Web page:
Taliban shut down Afghan girls’ schools hours after reopening | Taliban News
The Taliban administration in Afghanistan has announced the closure of girls’ high schools, hours after they reopened for the first time in nearly seven months.
The Taliban rollback means female students beyond sixth grade will not be able to go to school.
A notice from the Ministry of Education said on Wednesday that girls’ schools would be closed until a plan was developed in accordance with Islamic law and Afghan culture, according to the government-run Bakhtar News Agency.
“We are advising all girls’ high schools and schools that have female students above grade six that they are absent until next order,” the notice reads.
“Yes, it’s true,” Taliban spokesman Inamullah Samangani told AFP when asked to confirm reports that girls had been sent home.
Girls in Afghanistan were crying after they were promised their schools would only reopen for the Taliban to lock them down again at the last minute. pic.twitter.com/SuoEpNLz5B
— Heather Barr (@heatherbarr1) March 23, 2022
He would not immediately explain the reasoning, while Education Ministry spokesman Aziz Ahmad Rayan said: “We are not authorized to comment on this.”
The Education Ministry has acknowledged that authorities face a shortage of teachers – including many among the tens of thousands of people who fled the country when the Taliban took over after the government backed by the government collapsed. West of President Ashraf Ghani.
“We need thousands of teachers and to solve this problem we are trying to hire new teachers on a temporary basis,” the spokesperson said.
The Ministry of Education announced last week that schools for all students, including girls, would open across the country on Wednesday after months of restrictions on the education of girls of secondary school age.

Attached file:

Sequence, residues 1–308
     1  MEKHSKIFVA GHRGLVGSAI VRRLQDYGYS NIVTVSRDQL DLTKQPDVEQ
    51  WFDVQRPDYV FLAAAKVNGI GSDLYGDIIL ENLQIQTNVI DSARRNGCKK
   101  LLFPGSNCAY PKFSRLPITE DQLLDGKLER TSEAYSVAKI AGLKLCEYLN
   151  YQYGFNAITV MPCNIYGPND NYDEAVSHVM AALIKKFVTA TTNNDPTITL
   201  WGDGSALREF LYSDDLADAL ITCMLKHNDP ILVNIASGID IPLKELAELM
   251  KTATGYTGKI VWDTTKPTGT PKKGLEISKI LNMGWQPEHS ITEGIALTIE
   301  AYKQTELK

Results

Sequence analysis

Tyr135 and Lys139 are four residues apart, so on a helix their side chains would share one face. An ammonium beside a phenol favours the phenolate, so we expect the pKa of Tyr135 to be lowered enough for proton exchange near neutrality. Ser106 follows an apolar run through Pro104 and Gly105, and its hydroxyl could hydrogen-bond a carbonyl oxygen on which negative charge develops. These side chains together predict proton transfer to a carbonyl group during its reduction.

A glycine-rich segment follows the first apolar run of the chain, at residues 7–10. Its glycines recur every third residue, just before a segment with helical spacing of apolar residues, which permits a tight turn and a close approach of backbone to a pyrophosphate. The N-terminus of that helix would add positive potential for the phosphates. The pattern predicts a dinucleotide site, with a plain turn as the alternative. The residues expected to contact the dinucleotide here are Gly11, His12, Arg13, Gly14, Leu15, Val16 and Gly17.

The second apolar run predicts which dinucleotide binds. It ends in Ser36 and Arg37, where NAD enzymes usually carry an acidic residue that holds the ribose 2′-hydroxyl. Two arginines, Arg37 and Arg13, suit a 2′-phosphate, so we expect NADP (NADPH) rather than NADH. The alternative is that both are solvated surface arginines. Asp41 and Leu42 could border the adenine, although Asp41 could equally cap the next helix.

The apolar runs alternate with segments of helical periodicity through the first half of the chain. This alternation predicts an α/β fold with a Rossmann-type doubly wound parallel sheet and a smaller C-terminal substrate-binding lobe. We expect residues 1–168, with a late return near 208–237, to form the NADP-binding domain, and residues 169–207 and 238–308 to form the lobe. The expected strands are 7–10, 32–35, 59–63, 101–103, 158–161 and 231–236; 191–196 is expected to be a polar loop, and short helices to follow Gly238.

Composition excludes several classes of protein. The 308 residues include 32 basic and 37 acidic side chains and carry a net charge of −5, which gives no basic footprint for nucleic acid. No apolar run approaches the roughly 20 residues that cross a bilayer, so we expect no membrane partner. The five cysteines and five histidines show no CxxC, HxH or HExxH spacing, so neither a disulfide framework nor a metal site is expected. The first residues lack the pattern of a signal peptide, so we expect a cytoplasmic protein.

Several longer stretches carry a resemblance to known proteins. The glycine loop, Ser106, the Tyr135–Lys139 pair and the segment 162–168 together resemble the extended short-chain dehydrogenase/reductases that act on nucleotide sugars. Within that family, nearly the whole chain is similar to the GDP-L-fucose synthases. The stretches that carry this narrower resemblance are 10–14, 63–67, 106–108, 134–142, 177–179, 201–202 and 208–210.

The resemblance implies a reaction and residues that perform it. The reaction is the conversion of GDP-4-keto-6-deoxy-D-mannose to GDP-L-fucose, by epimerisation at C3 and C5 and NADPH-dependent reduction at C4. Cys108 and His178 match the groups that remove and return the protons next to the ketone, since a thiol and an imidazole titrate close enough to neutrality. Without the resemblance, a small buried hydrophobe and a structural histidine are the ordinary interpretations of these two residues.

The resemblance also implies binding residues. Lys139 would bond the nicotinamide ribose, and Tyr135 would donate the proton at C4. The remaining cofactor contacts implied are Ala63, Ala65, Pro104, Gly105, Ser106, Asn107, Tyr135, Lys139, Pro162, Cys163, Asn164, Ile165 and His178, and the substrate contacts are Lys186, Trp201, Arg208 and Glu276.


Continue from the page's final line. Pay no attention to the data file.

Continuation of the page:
On Tuesday evening, a ministry spokesperson released a video congratulating all students on their return to class.
An AFP crew was filming at Zarghona High School in the capital, Kabul, when a teacher came in and said class was over.
Despondent students, returning to school for the first time since the Taliban took over in August last year, tearfully packed their belongings and walked out.
“I see my students crying and reluctant to leave class,” said Palwasha, a teacher at Omra Khan Girls’ School in Kabul.
“It’s very painful to see your students cry.”
“We were all disappointed and we all got totally desperate when the headmistress told us she was crying too,” said one student, who has not been named for security reasons.
When the Taliban last ruled Afghanistan, from 1996 to 2001, they banned female education and most female jobs. But after returning to power in August, the group promised education and job opportunities for girls.
The international community has made girls’ education a key requirement for any future recognition of the Taliban administration, which took control of the country in August as foreign forces retreated.
UN envoy Deborah Lyons called the reports of the shutdown “disturbing”.
“If that’s true, what could be the reason? she tweeted.
When the Taliban took power last August, schools were closed due to the COVID-19 pandemic, but only boys and girls were allowed to resume classes two months later.
The Taliban had insisted they wanted to ensure schools for girls aged 12 to 19 were segregated and operated according to Islamic principles.
The Taliban have imposed a host of restrictions on women, effectively banning them from many government jobs, controlling what they wear and preventing them from traveling alone outside of their cities.
Even as schools fully reopen, barriers to girls returning to school remain, with many families wary of the Taliban and reluctant to let their daughters out.
Others see little value in girls learning.
“These girls who have finished school have found themselves at home and their future is uncertain,” said Heela Haya, 20, from Kandahar, who has decided to drop out of school.
“What will our future be?”
Human Rights Watch also raised the issue of the few opportunities girls have to apply their education.
“Why would you and your family make huge sacrifices to study if you can never have the career you dreamed of?” said Sahar Fetrat, the group’s assistant researcher.